Sonargaon served as the capital of the Sultanate of Bengal for an extensive period. The independent sultans governed medieval Bengal for two centuries, and one of the notable figures among them was Ghiyasuddin Azam Shah. He marked his presence as the third sultan of the first Iliyas Shahi dynasty, reigning over Bengal from 1390 to 1411 AD.
Ghiyasuddin Azam Shah was not only a ruler but also a patron of scholars and poets. During his rule, the renowned Bengali poet Shah Muhammad Sagir composed his celebrated work ‘Yusuf-Zulekha’. Additionally, Krittibas Ojha, another famous poet, crafted the ‘Krittivasi Ramayan’, a Bengali translation of the Sanskrit epic ‘Ramayana’. The Sultan even corresponded with the Persian poet Hafez.
The final resting place of Ghiyasuddin Azam Shah is located in the quaint village of Shahchillapur within the Sonargaon upazila of Narayanganj district. Situated a short distance east of the Panch Pir shrine on the southern fringes of the old city, the tomb stands beside a dry water reservoir known as Magh Dighi.
Though lacking inscriptions, this tomb is believed to be one of the earliest monuments from the Bengal Sultanate period. Local legend attributes it to Sultan Ghiyasuddin Azam Shah, who passed away in 1411. The tomb, a monolithic black basalt stone sarcophagus, is enclosed by pillars, reflecting the Saracenic art and architecture of Bengal. Its design echoes the ornate style of the Adina Mosque, constructed by Sultan Sikandar Shah, his father, in 1373.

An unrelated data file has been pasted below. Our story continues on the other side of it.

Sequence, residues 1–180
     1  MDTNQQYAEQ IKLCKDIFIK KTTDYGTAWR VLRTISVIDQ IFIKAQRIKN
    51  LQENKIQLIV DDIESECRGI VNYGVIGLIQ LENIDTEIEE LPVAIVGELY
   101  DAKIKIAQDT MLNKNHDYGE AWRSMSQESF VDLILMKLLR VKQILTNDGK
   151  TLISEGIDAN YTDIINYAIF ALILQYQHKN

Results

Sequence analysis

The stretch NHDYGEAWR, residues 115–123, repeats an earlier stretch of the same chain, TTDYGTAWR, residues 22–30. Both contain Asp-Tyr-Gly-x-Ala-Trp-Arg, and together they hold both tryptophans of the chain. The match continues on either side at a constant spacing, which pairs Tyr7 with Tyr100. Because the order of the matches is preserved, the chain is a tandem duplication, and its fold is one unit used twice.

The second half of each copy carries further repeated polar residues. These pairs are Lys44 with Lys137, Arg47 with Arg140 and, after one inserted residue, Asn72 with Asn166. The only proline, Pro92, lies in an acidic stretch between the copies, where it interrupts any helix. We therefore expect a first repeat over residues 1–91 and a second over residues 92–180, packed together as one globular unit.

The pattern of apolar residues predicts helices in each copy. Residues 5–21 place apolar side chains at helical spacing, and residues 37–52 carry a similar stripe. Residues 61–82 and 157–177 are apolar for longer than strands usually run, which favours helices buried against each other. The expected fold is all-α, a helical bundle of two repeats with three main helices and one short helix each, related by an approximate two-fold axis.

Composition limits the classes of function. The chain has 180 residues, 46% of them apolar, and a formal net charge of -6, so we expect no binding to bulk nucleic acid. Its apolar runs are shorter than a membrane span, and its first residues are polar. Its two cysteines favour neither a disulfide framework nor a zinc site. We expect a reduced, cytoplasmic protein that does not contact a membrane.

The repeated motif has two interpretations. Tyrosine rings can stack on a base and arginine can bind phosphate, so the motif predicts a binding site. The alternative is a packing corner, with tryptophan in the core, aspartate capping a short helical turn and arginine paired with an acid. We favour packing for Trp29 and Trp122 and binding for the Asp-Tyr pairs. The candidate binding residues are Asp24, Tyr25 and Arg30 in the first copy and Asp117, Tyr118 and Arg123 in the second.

Unfortunately, sections of the tomb succumbed to earthquake damage and neglect during the British colonial era. The iron clamps binding the stone slabs have corroded, while tree roots infiltrating cracks have weakened the massive stones. Within the premises, another simpler red-colored tomb stands, believed to belong to Kazi Siraj-ud-daula, a judge and close confidant of the Sultan.
Under the protection of the Department of Archaeology (DOA), the tomb now holds status as a safeguarded monument. Preserving this remarkable heritage site is crucial to honoring the glorious history of medieval Bengal.